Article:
The study found, not surprisingly, that customers are becoming increasingly dissatisfied with new or growing bank fees. The issue of fees, and all the prevalent media attention that it has received, is certainly a motivator for customers to consider switching banks, and could definitely lead to rising attrition, fewer brand evangelists, and even reduced wallet share. However, as previously noted on the Customer Effective blog, fees ultimately are not the primary reason why customers decide to switch to another bank. While fees can be the straw that breaks the camel’s back, many customers considering or actually going through with a bank switch are already dissatisfied with their current bank due to subpar levels of service that they have received over the years.
January 22, 2013
We had an challenge at a client that I wanted to share so that this challenge, which could have been difficult to resolve, does not happen during a future rollout. The client spent a substantial amount of time creating scripts that would automatically install and configure the Outlook client on user’s machines. Since most users in their domain do not have sufficient rights to do the installation, this was found to be the most secure and consistent way to roll out the software. After significant testing, the processed was ironed out and the rollout was begun.
For the most part, things went as planned but on a couple dozen new computers, the installation would appear to go fine but when the user tried to Go Offline with the Outlook client, an error would appear as it tried to set up the offline database.
The short answer to how this was resolved is that we had to uninstall the Add-In, uninstall SQL Server Express and reinstall both products. The issue arose because when the SQL Server Express Addition was originally installed, the computer had one name (i.e. ComputerA) and then after the installation, was renamed (i.e. WorkstationA). It would be enough to say that it is critical that after the installation of the Add-In with offline mode enabled, the computer name cannot be changed without causing connectivity issues but I thought it important to give you the “Why” behind the “What”.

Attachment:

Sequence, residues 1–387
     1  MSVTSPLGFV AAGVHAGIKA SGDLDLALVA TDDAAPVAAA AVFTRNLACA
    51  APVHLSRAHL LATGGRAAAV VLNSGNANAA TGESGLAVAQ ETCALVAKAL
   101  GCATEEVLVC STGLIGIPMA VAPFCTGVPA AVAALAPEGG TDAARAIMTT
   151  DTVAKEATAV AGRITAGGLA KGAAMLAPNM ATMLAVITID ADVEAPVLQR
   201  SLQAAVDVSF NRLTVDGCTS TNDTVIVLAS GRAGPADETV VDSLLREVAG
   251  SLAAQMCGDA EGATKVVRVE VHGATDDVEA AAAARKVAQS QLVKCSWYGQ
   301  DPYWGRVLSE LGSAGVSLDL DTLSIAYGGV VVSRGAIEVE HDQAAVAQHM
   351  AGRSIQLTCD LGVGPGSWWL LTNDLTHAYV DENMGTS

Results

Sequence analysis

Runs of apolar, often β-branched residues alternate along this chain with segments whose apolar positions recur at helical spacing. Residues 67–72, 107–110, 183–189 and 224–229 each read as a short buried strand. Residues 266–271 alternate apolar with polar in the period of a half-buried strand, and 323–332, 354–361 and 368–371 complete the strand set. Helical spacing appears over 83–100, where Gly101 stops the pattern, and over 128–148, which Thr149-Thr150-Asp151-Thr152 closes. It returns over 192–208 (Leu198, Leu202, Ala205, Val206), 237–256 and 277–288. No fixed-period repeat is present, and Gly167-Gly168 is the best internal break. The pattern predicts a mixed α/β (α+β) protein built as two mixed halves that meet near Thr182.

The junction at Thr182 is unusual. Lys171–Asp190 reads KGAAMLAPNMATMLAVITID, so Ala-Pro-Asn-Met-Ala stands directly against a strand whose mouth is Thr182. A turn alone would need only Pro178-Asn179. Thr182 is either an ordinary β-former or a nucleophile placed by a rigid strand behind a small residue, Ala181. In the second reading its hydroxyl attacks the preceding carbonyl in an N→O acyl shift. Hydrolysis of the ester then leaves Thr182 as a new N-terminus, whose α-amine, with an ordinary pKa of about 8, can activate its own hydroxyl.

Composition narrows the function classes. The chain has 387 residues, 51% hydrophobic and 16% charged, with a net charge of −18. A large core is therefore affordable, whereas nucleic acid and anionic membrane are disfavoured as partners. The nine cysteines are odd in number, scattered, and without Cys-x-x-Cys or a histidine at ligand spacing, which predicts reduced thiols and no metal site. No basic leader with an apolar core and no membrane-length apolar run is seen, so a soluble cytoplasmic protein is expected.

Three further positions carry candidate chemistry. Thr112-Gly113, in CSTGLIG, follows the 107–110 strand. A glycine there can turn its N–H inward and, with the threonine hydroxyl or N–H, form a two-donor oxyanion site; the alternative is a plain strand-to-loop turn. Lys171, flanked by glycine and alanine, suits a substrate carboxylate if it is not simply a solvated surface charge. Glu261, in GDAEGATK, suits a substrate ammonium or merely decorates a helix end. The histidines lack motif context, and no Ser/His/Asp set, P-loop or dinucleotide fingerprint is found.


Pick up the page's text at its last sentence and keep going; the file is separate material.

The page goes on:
A little bit about SQL Server
SQL server, regardless of which edition, is always installed into 1 or more instances. If you choose the default installation, a Default Instance (unnamed) will be created that can be found by simply using the computer name in the connection string. You can also choose to install multiple named instances so that from one SQL server computer you can have multiple instances of SQL server, each with its own security and operating parameters. This is roughly synonymous to having multiple organization in an installation of Dynamics CRM.
When an instance of SQL server is installed, there is an entry in the sys.servers table. This is one of a number of tables that are used for the internal workings of MS SQL Server and in this case contains metadata about the instances that are a part of this server. If we create a SQL server computer called SQL1 and then two named instances called instance1 and instance2, the sys.servers table will contain records relating to SQL1\Instance1 and SQL1\Instance2.
These values are used when a client tries to connect to the named instances as a lookup for the internal connection parameters needed to access data in the given instance. If I change the name of the computer from SQL1 to SQL2, then when a client subsequently access this table to get to Instance1, the path of the server will still be SQL1\Instance1 in this metadata and the client will not be able to connect to the database.